January 29th, 2014
The operating room (OR) generates an estimated 42 percent of a hospital’s revenue, but it’s also the source of 20 to 30 percent of a hospital’s total waste volume despite its relatively small footprint, according to a study by the McKesson Group. A few years ago Practice Greenhealth, Reston, Va., recognized that the pervasive OR waste also represented an opportunity. It launched its Greening the OR initiative in April 2010 with about 50 participants.
The mission is to raise awareness and educate hospitals about how they can develop a more sustainable OR. Reducing the glut of medical instrument packaging, smarter waste segregation and recycling are cornerstones of the program.
“It costs the hospital 10 times more to haul away one bag of medical waste that has to be specially handled and treated compared with clear bag waste. If the waste is properly segregated up front, they have significant savings out the back door,” she says.
Greening the OR targets other areas for cost-savings and waste-reduction, including:
- Single-use device reprocessing;
- Energy-efficient LED lighting;
- HVAC setback systems;
- Reusable surgical instrument cases.
“We try to look at greening the OR from a holistic perspective and not just waste, although reducing waste is definitely a large opportunity,” Wenger says. Blue wrap many times is mistakenly thrown into the regulated waste stream by clinical staff or it cannot be recycled, depending on local recyclers, she says. With pressure from hospitals, that is changing.
Read the full article here
January 28th, 2014
DotMed Business News reports that doing a little bit of homework and intelligently greening your health care offerings can have a positive impact on your bottom line. In an interview with Practice Greenhealth’s executive director, Laura Wenger, more is discussed about the ways in which hospitals and healthcare systems are going “green.”
HCBN: What reasons do facilities give for not going green?
LW: Cost and staff. Red bag waste costs facilities up to ten times more than regular waste to dispose of, yet there’s a tendency to use it even for trash that isn’t regulated medical waste. Other things, like kit reformulation, can also save money and be an environmentally responsible practice. If a kit has 50 items, but you only need 20, what are you doing with the rest of it? It’s not sterile anymore, so you can’t store it for the next patient. However, if you work with your kit packer, you can cut costs and cut unnecessary waste. With health care reform and the way things are going, reimbursement isn’t going up. In the past, hospitals used to just up their prices to cover expenses. But that’s not happening anymore. So now, it’s a matter of being more efficient and decreasing their operational costs in order to still keep serving their community. But it takes time and energy to work on those initiatives.
HCBN: How much might a hospital expect to save with moderate greening efforts?
LW: That will widely vary, but among our Top Performers, the top 200 award winners in 2013, there was a savings of more than 16.8 million dollars in recycling programs alone. That amount was calculated by figuring out the amount of tons of waste that was diverted from a landfill to a recycling program — over 64 thousand tons of waste. The same group saved over $30 million in electricity savings. They accomplished that by renovating facilities, switching to LED lighting, and other various energy initiatives. Our hospitals also saved $18.3 million by utilizing reprocessing services for both invasive and non-invasive products. The reprocessors take them back and clean, sterilize and sell back to facilities at 50 percent of cost on average of what the purchase price would be for the same OEM device. This practice also diverted 330 tons of waste.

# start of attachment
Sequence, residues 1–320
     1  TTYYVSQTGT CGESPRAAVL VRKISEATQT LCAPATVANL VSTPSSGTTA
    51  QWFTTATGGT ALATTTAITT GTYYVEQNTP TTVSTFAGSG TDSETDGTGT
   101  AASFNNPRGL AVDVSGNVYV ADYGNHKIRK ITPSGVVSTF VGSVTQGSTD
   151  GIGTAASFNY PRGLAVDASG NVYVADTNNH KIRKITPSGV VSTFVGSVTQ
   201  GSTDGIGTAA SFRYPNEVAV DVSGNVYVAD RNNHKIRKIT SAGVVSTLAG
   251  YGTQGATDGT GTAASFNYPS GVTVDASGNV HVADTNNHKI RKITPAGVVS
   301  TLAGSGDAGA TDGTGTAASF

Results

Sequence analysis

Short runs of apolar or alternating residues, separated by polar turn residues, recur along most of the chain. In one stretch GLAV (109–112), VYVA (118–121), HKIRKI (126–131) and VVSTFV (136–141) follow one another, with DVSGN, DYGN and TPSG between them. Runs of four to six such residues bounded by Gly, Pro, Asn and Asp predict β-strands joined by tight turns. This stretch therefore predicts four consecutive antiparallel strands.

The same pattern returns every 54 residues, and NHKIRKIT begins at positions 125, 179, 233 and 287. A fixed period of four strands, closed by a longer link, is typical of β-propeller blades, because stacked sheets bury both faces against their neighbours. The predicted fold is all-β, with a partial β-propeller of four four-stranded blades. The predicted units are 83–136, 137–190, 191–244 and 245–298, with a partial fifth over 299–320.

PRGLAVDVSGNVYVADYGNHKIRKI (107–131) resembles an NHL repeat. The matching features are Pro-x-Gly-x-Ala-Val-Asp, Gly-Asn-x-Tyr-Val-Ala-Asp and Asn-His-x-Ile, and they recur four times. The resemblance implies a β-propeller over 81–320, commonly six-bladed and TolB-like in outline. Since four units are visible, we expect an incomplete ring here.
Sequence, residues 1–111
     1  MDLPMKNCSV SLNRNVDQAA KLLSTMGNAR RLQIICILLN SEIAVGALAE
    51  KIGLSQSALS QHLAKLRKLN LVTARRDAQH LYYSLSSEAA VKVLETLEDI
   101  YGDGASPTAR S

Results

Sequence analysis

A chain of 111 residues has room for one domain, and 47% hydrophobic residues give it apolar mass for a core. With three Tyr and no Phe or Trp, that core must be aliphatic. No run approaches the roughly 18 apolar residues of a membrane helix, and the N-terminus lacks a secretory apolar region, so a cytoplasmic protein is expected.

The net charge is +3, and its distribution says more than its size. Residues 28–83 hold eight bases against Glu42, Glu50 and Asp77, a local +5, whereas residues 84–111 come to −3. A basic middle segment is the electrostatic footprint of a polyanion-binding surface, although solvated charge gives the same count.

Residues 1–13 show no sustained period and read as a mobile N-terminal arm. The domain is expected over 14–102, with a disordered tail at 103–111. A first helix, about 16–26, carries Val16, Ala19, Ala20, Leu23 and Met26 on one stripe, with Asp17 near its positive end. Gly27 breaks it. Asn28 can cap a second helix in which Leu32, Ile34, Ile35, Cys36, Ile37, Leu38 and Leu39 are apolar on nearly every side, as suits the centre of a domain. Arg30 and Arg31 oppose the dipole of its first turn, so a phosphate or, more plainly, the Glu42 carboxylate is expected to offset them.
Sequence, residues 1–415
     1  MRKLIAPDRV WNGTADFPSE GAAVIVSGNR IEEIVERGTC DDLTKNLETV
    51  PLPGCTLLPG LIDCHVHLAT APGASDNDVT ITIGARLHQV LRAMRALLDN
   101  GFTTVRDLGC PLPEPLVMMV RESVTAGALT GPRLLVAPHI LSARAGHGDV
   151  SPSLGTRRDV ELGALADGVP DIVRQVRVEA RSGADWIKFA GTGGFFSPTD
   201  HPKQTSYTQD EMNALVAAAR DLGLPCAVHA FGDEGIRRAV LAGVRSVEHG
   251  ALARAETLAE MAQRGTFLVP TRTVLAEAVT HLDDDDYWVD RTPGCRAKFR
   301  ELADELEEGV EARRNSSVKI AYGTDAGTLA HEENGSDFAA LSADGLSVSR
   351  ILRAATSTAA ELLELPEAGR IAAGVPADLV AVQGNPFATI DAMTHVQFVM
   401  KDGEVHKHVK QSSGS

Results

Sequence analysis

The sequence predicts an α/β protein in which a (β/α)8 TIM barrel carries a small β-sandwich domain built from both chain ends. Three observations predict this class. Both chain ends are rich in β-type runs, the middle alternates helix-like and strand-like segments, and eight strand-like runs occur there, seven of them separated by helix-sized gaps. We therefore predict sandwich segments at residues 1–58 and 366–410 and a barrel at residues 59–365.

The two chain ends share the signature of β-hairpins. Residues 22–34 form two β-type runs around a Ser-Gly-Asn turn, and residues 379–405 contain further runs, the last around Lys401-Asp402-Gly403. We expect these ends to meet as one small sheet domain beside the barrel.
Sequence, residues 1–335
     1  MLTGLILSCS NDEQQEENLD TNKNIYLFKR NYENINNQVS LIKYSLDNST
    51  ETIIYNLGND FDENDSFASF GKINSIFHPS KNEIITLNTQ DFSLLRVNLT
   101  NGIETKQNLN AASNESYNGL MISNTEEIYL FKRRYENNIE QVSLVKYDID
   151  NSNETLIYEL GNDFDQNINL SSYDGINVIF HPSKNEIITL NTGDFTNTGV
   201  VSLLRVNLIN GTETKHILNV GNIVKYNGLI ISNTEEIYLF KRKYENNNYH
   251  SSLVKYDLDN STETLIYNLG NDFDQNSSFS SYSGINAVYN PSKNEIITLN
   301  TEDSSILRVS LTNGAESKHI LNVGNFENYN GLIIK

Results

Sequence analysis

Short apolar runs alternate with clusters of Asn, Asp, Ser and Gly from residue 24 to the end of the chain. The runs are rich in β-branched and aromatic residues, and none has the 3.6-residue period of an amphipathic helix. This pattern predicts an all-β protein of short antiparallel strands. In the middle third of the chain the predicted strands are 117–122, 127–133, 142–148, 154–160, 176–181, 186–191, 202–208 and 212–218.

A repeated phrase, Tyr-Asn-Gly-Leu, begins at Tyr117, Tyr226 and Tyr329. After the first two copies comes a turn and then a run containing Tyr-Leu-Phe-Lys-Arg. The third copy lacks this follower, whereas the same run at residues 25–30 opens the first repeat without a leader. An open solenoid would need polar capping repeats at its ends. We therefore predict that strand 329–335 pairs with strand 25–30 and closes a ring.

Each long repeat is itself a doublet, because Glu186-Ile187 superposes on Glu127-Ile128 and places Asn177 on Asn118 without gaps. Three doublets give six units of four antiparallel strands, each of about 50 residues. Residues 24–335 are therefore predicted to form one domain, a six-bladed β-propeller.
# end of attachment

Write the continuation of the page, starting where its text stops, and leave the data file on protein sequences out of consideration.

Read the full article here
January 24th, 2014
Healthcare Global reports that there is one sustainability initiative that truly defines “green procurement.” It is single-use medical device (SUD) reprocessing, which allows hospitals to reduce the cost of purchasing select medical devices and decrease waste from entering the landfill, all without compromising the quality of care.
At the very basic level, third-party reprocessing involves cleaning, testing, repackaging and sterilizing a number of medical devices labeled by the original equipment manufacturer (OEM) as “single-use.”
A U.S. Government Accountability Office report from 2000 concluded that FDA-regulated reprocessed devices are as safe and effective as original equipment. Reprocessed devices are also much cheaper than an original device, coming in at about half the cost of an original device. In fact, according to the Association of Medical Device Reprocessors (AMDR), reprocessing one to two percent of all single-use devices could save the healthcare industry up to 2 billion in supply chain costs.
The benefits of reprocessing expand well beyond financial incentives too. One of the leading reprocessing companies in the U.S. helped divert nearly 7.6 million pounds of medical waste in 2012 alone. Breaking this down to the individual hospital level, reprocessing can help hospitals divert more than 8,000 pounds of regulated medical waste from landfills each year, while larger systems can divert more than 50,000 pounds.
Read the full article here
January 22nd, 2014
DotMed Healthcare Business News reports that to the average patient, reusing surgical tools like colonoscopy biopsy forceps seems like the last thing hospitals should do. In reality, however, reprocessing is helping hospitals save millions of dollars and is forecast for robust growth, averaging almost nine percent a year, according to market research firm Millennium Research Group.